Few characters from the Star Wars saga truly transcend the franchise. Most everyone knows Darth Vader, and the recent media barrage means they probably know a few other characters, too, but Han Solo is a rare character indeed. Not only is he one of the most memorable rogues in cinematic history, but since his appearance in Star Wars in 1977, dozens of films and stories have tried to capture that very same essence of character Harrison Ford portrayed. Even nearly 40 years later, Han Solo has endured, which is more than you can say for a lot of fictional heroes throughout history. That's why adding this Hot Toys Han Solo figure to my collection was a no-brainer, even if it's not quite up to the company's usual standard of likeness excellence.
It's actually hard to believe Hot Toys never dabbled in the Star Wars universe before, but until this year, the company didn't have a hand in arguably the biggest license in the collectible market. However, that all changed this year with the arrival of The Force Awakens. Since the deal was announced, Hot Toys has not held back in the least when it comes to announcing new figures for the line. There's been a solid mix of classic trilogy characters mixed with some of the new blood, but to this point, there haven't been many unmasked characters released. There have been Stormtroopers a plenty, but when it comes to the faces of the franchise, Hot Toys' selection has been a little light in that department.
Okay, so maybe my sinister clues aren't quite supervillain material, but how else am I supposed to let you all know that Tweeterhead has released some new images of its upcoming Riddler maquette? I mean, just look at those wide eyes and that crooked grin! This thing demands a level of theatricality, just like Frank Gorshin did every time he zipped up those green tights and started hounding the Dynamic Duo. And if you're the kind of person who wants a tangible reminder of that criminal career, then get ready to open up your wallet, because this thing is up for pre-sale starting tomorrow.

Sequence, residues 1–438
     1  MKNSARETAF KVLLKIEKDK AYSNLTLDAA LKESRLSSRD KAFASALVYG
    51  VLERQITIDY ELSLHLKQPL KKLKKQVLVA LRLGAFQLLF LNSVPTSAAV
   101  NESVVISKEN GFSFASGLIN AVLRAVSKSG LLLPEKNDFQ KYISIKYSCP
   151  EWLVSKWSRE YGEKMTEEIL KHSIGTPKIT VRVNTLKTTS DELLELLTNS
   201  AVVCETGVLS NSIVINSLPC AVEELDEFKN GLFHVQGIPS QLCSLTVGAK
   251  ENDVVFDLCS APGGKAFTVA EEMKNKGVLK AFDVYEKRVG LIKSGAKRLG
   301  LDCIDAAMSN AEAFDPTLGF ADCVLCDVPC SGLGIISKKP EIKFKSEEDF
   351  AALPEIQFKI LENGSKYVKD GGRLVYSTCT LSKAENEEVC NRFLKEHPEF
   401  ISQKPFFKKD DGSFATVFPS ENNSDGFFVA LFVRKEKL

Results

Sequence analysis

This Sunday on Nickelodeon, the Teenage Mutant Ninja Turtles are going back in time. Well, at least their Half-Shell Hero versions are anyway. The new animated special, Half-Shell Heroes: Blast to the Past, takes our ninja buddies to the prehistoric era, where they'll have to stop an alien race from altering the future of the planet.
In addition to this animated special, there will also be some action figures based on the adventure. It just so happens, we've got a few sets to give away.
If you're wondering how long it takes to build a Millennium Falcon, the answer is, "About three Star Wars movies." Well, that's for a Lego version anyway. I couldn't really tell you how long it takes to actually build a Corellian YT-1300 freighter because trying to measure build time in the Star Wars universe isn't exactly easy.
Though we picked up this new Force Awakens edition of the Millennium Falcon back on Force Friday, things were just too hectic until recently to put the Falcon together. After spending a few weekends assembling the Lego Marvel SHIELD Helicarrier, I wanted to make sure we had ample time to devote to getting the Falcon finished in a reasonable time.